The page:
US wildfires: Some 500,000 told to evacuate in Oregon as total death toll rises to 24
Thousands of homes are destroyed as American west coast is besieged by blazes
Mormon Lake Hotshots firefighter Sara Sweeney uses a drip torch to set a backfire to protect mountain communities from the Bobcat Fire in the Angeles National Forest in California. Photograph: David McNew/Getty Images
About half a million people in Oregon were ordered to evacuate as dozens of extreme, wind-driven wildfires scorched US west coast states on Friday, destroying thousands of homes and killing at least 24 people, state and local authorities said.
In southern Oregon, an apocalyptic scene of burned residential subdivisions and trailer parks stretched for miles along Highway 99 south of Medford through Phoenix and Talent, one of the worst-hit areas, according to a Reuters photographer at the scene.
Blazes jumped from wildfires burning through scrub and forest to suburban firestorms as flames jumped from house to house.
Online video from the Tacoma area in Washington showed fires starting in a residential area and setting homes ablaze, and locals running from house to house to warn neighbours. “Everybody out, everybody out!” a man is heard screaming as firefighters try to douse flames.
The death toll from the siege of fires on the west coast that began in August jumped to 24 after seven people were found dead late on Thursday in torched mountain communities about 137km north of Sacramento, California.
In Oregon alone the number of people under evacuation orders climbed to some 500,000 – about one-eighth of the state’s total population – as Portland suburbs came under threat as two of the state’s biggest blazes merged into one, according to the Oregon Office of Emergency Management.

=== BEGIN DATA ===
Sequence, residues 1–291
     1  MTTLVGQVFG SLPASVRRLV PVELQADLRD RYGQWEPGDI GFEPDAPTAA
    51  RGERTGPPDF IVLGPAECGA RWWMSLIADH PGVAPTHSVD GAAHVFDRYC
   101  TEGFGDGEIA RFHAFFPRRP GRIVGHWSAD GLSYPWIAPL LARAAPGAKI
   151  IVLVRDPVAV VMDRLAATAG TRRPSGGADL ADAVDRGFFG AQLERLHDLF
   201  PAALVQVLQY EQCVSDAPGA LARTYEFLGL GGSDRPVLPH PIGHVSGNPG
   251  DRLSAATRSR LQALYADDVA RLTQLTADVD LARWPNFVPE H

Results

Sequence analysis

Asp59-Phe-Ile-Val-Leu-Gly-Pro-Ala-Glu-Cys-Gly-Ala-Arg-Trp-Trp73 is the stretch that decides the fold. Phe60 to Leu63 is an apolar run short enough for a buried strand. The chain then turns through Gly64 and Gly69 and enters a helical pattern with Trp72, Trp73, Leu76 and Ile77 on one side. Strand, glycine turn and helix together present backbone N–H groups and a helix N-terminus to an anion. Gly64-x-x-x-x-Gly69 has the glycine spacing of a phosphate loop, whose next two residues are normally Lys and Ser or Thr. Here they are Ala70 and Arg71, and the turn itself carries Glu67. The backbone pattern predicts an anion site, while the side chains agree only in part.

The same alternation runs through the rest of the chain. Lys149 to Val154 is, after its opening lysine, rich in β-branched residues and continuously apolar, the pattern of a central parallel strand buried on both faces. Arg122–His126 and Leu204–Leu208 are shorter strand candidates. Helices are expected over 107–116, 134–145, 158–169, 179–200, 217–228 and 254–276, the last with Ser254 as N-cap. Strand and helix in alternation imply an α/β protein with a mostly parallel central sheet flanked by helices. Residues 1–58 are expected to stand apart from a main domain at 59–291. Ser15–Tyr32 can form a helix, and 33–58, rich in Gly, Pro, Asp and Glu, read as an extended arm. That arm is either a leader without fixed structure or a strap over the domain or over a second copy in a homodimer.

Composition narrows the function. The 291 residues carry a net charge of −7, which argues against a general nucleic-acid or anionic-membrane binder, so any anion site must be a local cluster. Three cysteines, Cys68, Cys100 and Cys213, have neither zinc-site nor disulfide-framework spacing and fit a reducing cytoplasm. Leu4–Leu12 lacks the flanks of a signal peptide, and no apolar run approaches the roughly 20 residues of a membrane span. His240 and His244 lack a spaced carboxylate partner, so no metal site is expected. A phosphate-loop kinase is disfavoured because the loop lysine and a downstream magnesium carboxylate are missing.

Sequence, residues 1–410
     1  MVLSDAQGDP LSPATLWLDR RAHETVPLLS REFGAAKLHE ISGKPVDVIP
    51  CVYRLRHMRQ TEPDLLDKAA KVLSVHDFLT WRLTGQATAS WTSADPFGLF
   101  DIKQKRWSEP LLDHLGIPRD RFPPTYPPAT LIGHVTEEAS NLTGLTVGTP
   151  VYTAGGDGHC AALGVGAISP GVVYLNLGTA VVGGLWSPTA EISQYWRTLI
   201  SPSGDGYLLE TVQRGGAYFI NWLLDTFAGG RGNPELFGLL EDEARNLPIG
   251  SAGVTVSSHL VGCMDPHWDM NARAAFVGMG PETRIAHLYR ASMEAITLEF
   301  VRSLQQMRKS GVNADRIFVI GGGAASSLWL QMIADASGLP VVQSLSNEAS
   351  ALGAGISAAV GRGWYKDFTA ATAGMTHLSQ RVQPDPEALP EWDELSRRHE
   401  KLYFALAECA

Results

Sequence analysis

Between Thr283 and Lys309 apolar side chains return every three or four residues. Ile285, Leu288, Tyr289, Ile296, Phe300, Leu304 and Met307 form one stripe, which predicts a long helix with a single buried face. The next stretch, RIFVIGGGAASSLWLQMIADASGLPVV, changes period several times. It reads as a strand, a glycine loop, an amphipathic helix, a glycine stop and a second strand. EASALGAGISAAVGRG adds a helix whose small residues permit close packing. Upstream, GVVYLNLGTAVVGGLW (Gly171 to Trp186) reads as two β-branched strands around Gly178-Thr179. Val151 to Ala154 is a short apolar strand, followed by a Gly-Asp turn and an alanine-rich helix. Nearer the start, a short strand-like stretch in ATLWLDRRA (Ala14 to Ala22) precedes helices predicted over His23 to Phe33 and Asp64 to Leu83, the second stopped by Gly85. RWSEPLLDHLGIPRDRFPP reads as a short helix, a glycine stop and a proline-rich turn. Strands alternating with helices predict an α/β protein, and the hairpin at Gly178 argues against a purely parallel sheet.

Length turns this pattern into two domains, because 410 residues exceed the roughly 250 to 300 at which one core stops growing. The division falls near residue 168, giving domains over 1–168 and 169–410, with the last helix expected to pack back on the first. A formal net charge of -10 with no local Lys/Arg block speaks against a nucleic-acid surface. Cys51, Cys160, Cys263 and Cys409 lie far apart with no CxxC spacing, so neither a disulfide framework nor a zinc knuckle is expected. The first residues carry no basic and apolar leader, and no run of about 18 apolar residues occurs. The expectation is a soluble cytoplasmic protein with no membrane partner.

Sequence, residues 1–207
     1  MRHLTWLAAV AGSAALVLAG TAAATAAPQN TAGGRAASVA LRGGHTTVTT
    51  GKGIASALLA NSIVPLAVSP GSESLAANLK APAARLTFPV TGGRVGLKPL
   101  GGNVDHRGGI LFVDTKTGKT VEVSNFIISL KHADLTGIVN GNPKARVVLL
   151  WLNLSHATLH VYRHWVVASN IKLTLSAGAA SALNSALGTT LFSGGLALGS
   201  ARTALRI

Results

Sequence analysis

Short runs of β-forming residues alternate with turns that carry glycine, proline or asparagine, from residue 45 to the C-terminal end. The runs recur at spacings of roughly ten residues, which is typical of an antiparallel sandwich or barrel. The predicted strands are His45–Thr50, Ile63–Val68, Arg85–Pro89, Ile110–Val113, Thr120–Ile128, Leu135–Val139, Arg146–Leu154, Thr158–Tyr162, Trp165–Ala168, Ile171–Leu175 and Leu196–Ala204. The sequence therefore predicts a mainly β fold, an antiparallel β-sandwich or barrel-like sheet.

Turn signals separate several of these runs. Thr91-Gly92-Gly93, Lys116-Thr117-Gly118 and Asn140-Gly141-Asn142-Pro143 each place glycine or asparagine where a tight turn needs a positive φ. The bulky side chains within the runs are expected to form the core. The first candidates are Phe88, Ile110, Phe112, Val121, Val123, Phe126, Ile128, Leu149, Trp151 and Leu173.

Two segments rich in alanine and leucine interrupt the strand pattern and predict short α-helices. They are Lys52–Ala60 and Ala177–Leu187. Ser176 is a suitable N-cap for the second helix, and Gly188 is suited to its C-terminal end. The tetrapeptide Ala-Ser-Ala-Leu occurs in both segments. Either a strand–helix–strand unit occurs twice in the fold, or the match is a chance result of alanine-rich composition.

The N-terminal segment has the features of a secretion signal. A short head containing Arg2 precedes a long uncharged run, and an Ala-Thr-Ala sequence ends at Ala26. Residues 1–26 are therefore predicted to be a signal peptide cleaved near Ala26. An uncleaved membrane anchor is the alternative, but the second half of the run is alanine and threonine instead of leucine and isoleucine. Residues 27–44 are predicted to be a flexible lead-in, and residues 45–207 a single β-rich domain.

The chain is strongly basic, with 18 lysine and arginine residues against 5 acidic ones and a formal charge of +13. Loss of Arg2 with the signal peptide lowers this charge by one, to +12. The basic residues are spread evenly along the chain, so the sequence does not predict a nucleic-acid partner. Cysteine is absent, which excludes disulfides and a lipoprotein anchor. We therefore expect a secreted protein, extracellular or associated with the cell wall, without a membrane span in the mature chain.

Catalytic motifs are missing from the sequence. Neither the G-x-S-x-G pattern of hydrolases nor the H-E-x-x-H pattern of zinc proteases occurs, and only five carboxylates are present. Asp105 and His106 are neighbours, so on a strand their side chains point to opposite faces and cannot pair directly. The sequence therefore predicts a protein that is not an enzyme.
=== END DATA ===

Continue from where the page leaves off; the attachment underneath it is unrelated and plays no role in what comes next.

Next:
In southern Oregon, residents in communities such as Eagle Point were under evacuation orders, but few left their homes, most staying until they could actually see flames, the Reuters photographer said.
Thousands more people were ordered to get out of homes to the north and south in Washington and California.
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“We had four hours to pack up our pets and a few medications and things like that,” said retiree John Maylone, from an evacuation centre in Fresno, California, after he was forced to leave three of his 30 cats as he fled the massive Creek Fire as it burned within a few kilometres of his home.
Oregon bore the brunt of the nearly 100 major wildfires raging across western states, with about 3,000 firefighters battling nearly three dozen blazes there and officials saying about twice as many people were needed.
Police have opened a criminal arson investigation into the Oregon fire that destroyed much of Phoenix and Talent and started in Ashland near the border with California, Ashland police chief Tighe O’Meara said.
At least four Oregon police departments warned of “fake” online messages appearing to be from law enforcement that blamed left-wing anti-fascists and far-right Proud Boy activists for starting the fires.
The Oregon blazes tore through multiple communities in the Cascade mountain range, as well as areas of coastal rainforest normally spared from wildfires. In eastern Washington state, a fire destroyed most of the tiny farming town of Malden.
Search-and-rescue teams entered devastated communities in central Oregon’s Santiam valley to look for missing people after a 12-year-old boy was found dead with his dog in a burned-out car.
Firefighters said unusually hot, dry winds out of the east created firestorms that spread embers from community to community, and then from house to house.
Oregon governor Kate Brown said some 364,220 hectares had burned in the recent fires, dwarfing the state’s annual 202,340-hectare average over the past decade.
“This will not be a onetime event,” Ms Brown told a Thursday news conference. “We are feeling the acute impacts of climate change.”
Fuel for fires
More than 100 years of fire suppression by state and federal authorities has created a huge build-up of dead trees and undergrowth to fuel fires that have naturally burned in the west coast’s forests for eons. In recent decades Americans have built houses in those forests as second homes or due to rising prices in metropolitan areas like San Francisco, Portland and Seattle.
Scientists say climate change has contributed to greater extremes in wet and dry seasons, causing vegetation to flourish then dry out, leaving more abundant, volatile fuel for fires.
In California, the US’s most populous state, more than 68,000 people were under evacuation orders, most due to the North Complex of fires north of Sacramento, as the largest fire in state history, the August Complex, burned more than 299,470 hectares.
Wildfires have burned more than 1.25 million hectares in California so far this year, marking a record for any year, with six of the top 20 largest wildfires in the state’s history occurring in the last nine months.– Reuters